Home Indiana Agriculture News Eleven Percent of Corn Crop, Seven Percent of Soybean Crop Planted So...

Eleven Percent of Corn Crop, Seven Percent of Soybean Crop Planted So Far in Indiana, Says USDA

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So far in Indiana, 11 percent of the expected corn crop has been planted according to the USDA’s Weekly Crop Progress Report for the week ending Sunday, May 8, 2022.  This compares with 44 percent last year and 39 percent as an average over the past five years.  Of the corn crop planted, only one percent has emerged compared with 17 percent last year.

The USDA also shows that seven percent of the expected soybean crop has been planted at this time compared with 34 percent in 2021 and 24 percent over the past five-year average.

The report shows that there were 2.1 suitable days for fieldwork this past week compared to 3.6 suitable days the week before.

Another cool, wet week limited fieldwork throughout much of the state, as corn and soybean planting remained well behind schedule, according to Nathanial Warenski, State Statistician with the Indiana Field Office of the USDA’s National Agricultural Statistics Service.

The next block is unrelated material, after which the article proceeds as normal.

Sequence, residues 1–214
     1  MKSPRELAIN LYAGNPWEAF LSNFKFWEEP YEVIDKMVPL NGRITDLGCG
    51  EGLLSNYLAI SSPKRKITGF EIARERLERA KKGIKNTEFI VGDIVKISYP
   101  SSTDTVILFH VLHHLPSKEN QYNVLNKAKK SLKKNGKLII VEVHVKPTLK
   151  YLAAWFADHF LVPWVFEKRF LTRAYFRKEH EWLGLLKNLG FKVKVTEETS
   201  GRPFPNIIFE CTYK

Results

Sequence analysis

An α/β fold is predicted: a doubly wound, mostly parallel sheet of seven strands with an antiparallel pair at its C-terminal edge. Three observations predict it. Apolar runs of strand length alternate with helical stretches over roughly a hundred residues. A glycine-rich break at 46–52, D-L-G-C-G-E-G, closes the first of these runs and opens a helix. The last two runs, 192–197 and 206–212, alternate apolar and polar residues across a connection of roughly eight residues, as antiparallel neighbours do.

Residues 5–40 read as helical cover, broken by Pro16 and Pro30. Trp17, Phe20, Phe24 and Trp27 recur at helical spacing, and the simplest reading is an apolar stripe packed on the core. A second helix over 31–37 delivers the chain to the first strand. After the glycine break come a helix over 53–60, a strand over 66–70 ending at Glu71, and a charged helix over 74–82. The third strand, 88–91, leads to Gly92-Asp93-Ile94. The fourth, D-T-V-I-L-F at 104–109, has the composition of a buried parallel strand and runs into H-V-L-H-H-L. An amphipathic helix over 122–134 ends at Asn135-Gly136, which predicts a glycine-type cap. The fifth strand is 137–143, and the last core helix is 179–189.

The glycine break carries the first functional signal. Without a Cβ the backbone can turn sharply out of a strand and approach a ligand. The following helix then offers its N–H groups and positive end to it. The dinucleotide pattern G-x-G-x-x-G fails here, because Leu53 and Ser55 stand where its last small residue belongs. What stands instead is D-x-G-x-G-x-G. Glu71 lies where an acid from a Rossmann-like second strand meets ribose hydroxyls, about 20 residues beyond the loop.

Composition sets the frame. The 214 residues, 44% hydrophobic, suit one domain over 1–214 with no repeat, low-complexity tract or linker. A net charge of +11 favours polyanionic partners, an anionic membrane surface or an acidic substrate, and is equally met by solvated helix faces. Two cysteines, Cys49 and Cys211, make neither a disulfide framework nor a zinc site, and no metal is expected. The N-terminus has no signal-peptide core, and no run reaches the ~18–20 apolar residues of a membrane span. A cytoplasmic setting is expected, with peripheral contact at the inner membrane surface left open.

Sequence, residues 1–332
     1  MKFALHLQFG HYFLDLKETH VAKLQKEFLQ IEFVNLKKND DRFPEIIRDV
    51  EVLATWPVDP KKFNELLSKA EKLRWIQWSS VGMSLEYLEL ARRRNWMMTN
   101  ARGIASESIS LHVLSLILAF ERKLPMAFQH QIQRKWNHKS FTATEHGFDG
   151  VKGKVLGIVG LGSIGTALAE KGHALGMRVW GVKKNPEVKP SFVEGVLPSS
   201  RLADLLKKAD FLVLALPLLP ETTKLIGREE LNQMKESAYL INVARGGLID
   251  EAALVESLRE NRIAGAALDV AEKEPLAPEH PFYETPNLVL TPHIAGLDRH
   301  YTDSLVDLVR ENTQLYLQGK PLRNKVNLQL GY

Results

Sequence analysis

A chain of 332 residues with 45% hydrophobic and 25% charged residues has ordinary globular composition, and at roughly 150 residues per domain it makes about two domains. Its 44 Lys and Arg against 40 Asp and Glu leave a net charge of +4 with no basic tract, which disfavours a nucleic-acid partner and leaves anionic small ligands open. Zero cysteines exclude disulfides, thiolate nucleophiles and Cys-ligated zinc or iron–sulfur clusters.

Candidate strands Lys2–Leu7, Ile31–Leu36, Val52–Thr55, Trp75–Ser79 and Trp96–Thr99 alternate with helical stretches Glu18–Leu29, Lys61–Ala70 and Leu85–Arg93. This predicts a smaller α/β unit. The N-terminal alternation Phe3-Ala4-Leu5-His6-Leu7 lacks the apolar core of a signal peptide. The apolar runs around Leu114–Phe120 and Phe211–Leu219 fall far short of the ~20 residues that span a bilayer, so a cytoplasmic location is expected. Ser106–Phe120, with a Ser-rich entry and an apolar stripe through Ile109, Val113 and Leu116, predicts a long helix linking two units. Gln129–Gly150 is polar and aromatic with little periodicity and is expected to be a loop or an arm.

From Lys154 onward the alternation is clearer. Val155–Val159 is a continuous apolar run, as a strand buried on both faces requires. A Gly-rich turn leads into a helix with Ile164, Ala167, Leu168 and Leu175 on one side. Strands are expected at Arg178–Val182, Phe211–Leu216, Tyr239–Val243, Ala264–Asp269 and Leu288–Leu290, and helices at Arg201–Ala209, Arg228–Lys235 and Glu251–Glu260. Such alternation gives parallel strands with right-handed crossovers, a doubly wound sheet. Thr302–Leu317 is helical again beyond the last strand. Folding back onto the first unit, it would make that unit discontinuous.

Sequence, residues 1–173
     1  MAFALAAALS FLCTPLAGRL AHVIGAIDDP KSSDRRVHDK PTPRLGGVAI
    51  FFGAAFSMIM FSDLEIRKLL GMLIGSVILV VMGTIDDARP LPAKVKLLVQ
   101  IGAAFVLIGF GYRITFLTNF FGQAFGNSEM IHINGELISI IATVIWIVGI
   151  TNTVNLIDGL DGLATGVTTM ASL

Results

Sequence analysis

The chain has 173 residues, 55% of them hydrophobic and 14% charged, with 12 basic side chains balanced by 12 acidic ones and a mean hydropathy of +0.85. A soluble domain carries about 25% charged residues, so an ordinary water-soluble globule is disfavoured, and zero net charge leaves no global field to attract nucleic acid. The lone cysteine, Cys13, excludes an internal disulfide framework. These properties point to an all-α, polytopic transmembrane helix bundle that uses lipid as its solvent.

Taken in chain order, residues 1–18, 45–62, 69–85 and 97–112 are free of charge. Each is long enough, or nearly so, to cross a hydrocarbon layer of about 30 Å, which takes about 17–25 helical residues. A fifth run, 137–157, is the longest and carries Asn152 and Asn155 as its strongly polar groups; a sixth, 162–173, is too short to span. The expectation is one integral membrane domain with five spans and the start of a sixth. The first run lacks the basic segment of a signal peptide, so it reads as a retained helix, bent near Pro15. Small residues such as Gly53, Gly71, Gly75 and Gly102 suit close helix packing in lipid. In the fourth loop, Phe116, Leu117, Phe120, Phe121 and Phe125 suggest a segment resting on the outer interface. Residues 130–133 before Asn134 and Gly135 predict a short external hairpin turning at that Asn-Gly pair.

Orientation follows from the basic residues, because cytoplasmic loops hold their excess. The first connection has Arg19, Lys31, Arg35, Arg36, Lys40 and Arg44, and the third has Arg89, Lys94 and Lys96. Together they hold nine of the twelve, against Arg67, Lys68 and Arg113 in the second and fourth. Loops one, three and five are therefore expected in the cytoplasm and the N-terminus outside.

Soil moisture levels increased from the previous week, with 98 percent of topsoil moisture reported as adequate or surplus.

The average temperature for the week was 56.4 degrees Fahrenheit, 1.2 degrees below normal for the State. The amount of rainfall varied from 0.33 inches to 2.31 inches over the week. The statewide average precipitation was 1.49 inches, 0.53 inches above normal.

Above average rainfall slowed planting progress throughout much of Indiana with both corn and soybeans planted falling well behind their five-year averages. Ponding was reported in some fields, along with minor flooding near some rivers.

Winter wheat progress remained behind schedule, and crop condition declined slightly from the previous week.

Livestock were reported in good condition, with spring calving underway. Pasture conditions improved slightly from the previous week.

Other activities for the week included mowing roadsides and fertilizer applications where conditions allowed.

Source: USDA Crop Progress Report, May 9, 2022.